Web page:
Scott Pilutik

I am an attorney and consultant living and working in Manhattan, focusing primarily on church/state constitutional law. I'm a recognized expert on the Church of Scientology organization. I also have strong interests in intellectual property law where it intersects with emerging media, and free speech.

I support the efforts of the Americans United for Separation of Church and State, the Freedom From Religion Foundation, the National Lawyers Guild, the ACLU, Creative Commons, and the Electronic Frontier Foundation. I am a member of the New York County Lawyers Association and the New York State Bar Association. I also enjoy (watching) hockey and (doing) photograhy.

Online I can be found on Facebook, Twitter. My resume can be viewed here. I can be reached by phone at 212.645.6241 or by e-mail at pilutik[at]gmail.com.

Commmentary on Flast and Hein

In 1968, the Supreme Court (in Flast v. Cohen) identified a narrow exception to the standing doctrine, which essentially requires plaintiffs to suffer some injury traceable to the Constitutional violation being alleged. Although taxpayers do not generally have standing to challenge laws passed by Congress, an exception was made for taxpayers alleging an establishment clause violation, so long as the alleged violation derived from Congress’s exercise of its taxing and spending power, and that Congress exceeded its limitations upon that taxing and spending power.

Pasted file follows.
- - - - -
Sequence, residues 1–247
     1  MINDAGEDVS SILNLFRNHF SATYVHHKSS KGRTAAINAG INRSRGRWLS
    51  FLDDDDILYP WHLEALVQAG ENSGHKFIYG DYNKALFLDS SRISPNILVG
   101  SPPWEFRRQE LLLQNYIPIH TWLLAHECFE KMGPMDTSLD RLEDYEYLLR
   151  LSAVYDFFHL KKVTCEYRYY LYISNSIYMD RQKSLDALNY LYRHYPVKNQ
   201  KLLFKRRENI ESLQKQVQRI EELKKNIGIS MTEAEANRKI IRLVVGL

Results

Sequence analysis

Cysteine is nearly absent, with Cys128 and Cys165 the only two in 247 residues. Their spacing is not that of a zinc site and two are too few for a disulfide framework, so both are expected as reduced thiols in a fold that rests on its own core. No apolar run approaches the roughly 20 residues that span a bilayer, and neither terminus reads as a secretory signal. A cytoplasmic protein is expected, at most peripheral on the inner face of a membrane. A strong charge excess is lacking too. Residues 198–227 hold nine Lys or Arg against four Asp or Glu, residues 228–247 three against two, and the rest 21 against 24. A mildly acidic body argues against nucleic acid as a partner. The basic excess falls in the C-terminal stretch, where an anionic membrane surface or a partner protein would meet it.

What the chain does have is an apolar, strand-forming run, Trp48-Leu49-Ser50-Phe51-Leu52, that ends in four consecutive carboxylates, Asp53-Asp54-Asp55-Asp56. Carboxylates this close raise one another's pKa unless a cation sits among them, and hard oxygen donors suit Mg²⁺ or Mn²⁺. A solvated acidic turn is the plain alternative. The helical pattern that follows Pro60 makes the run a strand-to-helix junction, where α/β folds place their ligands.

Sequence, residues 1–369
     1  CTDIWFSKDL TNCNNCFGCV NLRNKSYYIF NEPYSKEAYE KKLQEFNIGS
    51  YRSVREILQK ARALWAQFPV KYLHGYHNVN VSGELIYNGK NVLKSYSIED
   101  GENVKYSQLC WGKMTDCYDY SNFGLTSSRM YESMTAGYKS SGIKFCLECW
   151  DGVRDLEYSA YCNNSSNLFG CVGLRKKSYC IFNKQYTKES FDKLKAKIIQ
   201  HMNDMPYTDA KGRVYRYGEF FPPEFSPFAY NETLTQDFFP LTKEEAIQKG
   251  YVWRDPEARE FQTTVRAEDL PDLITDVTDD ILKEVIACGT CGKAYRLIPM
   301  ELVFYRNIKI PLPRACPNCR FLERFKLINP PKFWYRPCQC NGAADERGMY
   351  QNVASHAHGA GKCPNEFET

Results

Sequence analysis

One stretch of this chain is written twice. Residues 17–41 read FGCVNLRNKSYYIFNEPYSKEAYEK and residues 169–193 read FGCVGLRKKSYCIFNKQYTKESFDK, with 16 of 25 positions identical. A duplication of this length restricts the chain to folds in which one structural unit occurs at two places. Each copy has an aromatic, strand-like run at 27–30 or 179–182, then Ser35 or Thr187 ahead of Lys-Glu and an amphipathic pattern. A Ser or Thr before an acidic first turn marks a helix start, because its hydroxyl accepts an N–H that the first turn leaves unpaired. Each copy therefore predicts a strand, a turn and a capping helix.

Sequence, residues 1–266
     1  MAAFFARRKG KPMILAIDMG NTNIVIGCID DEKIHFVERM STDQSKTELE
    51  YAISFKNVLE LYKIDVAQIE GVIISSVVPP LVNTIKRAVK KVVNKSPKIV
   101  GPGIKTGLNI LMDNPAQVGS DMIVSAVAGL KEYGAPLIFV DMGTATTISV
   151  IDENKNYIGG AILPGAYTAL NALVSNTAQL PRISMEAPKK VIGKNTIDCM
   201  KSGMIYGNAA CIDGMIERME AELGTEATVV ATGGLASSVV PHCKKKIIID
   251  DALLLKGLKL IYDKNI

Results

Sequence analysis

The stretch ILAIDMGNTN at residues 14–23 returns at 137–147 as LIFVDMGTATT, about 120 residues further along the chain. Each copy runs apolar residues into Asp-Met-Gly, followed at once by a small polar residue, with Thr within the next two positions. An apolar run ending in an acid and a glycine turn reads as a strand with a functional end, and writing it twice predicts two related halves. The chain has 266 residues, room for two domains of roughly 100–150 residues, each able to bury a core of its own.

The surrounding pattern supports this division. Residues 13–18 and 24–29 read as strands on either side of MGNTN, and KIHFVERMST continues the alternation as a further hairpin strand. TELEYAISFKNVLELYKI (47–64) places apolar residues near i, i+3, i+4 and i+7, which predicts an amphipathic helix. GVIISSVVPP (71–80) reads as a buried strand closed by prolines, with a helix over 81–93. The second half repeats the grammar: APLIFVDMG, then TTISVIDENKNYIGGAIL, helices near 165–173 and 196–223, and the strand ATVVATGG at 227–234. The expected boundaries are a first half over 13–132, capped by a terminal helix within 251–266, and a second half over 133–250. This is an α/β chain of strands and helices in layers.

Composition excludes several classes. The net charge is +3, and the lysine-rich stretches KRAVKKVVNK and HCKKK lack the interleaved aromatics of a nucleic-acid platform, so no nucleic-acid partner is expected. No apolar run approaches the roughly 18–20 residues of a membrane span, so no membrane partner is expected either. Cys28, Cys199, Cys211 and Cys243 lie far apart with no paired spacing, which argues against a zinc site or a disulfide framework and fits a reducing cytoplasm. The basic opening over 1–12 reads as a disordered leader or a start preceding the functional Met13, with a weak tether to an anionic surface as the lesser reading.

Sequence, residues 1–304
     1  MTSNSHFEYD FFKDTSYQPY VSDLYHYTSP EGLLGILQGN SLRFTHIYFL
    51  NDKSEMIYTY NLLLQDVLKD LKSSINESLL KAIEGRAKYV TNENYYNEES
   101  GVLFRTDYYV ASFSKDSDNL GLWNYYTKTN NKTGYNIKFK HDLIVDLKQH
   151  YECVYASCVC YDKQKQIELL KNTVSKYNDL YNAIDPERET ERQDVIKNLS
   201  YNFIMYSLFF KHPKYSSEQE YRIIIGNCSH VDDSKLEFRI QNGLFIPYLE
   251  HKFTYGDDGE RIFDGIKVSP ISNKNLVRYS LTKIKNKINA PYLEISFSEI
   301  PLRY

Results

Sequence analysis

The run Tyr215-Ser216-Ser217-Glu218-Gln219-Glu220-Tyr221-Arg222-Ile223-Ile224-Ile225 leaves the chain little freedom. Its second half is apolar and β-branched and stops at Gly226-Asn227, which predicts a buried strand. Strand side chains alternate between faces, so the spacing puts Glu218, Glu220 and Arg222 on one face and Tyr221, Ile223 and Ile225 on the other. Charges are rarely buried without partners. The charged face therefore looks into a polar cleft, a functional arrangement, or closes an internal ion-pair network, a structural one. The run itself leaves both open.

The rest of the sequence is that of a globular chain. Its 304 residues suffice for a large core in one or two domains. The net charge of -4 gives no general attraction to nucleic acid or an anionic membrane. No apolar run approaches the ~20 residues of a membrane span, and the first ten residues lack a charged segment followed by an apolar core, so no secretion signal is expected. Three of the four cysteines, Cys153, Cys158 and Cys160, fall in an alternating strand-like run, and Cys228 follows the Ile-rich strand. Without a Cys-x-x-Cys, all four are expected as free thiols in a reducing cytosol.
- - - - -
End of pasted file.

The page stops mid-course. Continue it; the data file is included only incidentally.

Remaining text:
If this sounds circular, confusing, and somewhat legally fictitious, it’s probably because it is. But the court was grappling with a difficult issue, one that pitted a substantive prohibition on government action (the establishment clause) against Article III’s administrative limitations on the types of cases a court can hear. How could the government otherwise be constrained from violating the Constitution if the court didn’t exercise judicial review?